[Humanist] 25.386 wormy and graphical ways of working

Humanist Discussion Group willard.mccarty at mccarty.org.uk
Sat Oct 15 09:50:36 CEST 2011


                 Humanist Discussion Group, Vol. 25, No. 386.
            Department of Digital Humanities, King's College London
                       www.digitalhumanities.org/humanist
                Submit to: humanist at lists.digitalhumanities.org



        Date: Sat, 15 Oct 2011 07:44:30 +0100
        From: Willard McCarty <willard.mccarty at mccarty.org.uk>
        Subject: The Worm Book and its community


In her essay, "Wormy Logic: Model Organisms as Case-Based Reasoning", in 
Science without Laws, ed. Creager, Lunbeck and Wise (2007), Rachel 
Ankeny comments that biologist Sydney Brenner's research into the 
genetic mapping of the nematode C. elegans "resulted in a relatively 
cohesive community often celebrated as a model of scientific cooperation 
and shared understanding of fundamental concepts" (p. 48). She points to 
two accounts in the journal Science, Leslie Roberts, "The Worm Project", 
NS 248, 4961 (15 June 1990): 1310-1313, and Elizabeth Pennisi, "Worming 
Secrets", NS 282, 5396 (11 December 1998): 1972-1974 (both in JSTOR).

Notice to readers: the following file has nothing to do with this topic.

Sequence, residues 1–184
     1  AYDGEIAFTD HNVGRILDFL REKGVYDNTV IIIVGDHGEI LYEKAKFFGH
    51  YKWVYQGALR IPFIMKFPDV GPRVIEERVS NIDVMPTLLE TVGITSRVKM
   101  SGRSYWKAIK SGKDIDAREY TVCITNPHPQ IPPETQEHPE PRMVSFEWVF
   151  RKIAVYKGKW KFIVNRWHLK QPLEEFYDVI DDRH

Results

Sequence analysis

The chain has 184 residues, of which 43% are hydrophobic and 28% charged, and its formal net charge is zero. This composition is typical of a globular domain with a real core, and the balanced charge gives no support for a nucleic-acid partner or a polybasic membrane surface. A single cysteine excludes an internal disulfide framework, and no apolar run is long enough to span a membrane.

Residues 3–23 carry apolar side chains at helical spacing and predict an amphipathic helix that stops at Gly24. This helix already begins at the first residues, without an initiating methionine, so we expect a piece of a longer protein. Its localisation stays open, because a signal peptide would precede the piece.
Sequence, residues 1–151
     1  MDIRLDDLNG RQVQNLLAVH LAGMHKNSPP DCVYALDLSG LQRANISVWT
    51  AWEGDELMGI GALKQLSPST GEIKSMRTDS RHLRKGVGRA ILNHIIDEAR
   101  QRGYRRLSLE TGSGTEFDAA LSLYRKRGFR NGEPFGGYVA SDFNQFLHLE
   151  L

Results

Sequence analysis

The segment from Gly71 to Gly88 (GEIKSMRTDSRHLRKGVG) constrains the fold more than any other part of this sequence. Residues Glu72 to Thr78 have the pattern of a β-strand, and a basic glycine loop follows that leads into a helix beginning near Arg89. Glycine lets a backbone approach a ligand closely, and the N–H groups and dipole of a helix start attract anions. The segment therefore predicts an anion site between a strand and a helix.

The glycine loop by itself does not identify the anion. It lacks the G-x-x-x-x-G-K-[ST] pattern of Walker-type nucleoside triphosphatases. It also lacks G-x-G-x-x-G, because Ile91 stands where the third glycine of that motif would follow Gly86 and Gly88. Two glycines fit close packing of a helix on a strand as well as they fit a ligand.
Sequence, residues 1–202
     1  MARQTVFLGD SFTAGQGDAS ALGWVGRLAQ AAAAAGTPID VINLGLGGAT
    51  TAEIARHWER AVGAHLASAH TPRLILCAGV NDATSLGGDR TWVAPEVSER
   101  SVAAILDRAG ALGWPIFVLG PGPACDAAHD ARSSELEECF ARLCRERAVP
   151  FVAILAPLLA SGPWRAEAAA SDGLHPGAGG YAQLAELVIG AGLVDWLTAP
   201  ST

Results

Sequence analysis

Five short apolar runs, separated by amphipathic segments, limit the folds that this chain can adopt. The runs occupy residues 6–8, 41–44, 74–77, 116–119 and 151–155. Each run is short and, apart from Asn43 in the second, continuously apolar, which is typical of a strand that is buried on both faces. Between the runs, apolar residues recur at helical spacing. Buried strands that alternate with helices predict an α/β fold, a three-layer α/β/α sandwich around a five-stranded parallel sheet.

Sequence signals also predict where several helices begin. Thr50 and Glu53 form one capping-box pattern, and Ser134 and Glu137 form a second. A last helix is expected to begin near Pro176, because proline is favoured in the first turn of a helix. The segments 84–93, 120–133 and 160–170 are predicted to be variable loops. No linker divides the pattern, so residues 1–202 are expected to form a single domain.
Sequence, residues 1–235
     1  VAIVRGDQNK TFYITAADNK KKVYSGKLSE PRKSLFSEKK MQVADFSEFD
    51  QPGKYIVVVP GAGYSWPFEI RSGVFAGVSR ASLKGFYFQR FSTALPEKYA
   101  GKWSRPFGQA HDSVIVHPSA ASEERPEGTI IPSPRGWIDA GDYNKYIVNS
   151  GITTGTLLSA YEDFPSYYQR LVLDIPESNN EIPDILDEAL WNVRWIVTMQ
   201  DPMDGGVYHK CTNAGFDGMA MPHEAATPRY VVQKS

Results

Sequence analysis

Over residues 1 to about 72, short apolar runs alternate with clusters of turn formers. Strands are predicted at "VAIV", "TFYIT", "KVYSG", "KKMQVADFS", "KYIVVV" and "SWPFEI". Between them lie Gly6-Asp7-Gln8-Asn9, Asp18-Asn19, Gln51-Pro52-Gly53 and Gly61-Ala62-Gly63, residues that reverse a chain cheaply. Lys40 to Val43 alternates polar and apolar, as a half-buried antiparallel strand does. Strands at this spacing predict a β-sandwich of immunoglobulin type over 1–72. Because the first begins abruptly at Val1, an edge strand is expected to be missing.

Looking across the fence at this activity, I wonder, what can we learn 
from it, other than about C. elegans -- say about research and community?

Somewhere (I cannot at the moment get to half my library and so cannot
chase the reference), the German typographer and calligrapher Rudolf
Koch is reputed to have said on his deathbed, "Remember, we were able
to work together!" But unlike the scientists of The Worm Project, the artists
with whom Koch associated produced their own things. We know Koch, for
example, not as one of several signatories to works of graphic art, but as 
the sole maker of this and that. So I wonder, perhaps we should look to 
such artists as well as to the scientists for ideas toward practical models
of collaboration.

Comments?

Yours,
WM
-- 
Professor Willard McCarty, Department of Digital Humanities, King's 
College London; Professor (fractional), University of Western Sydney; 
Editor, Interdisciplinary Science Reviews (www.isr-journal.org); Editor, 
Humanist (www.digitalhumanities.org/humanist/); www.mccarty.org.uk/





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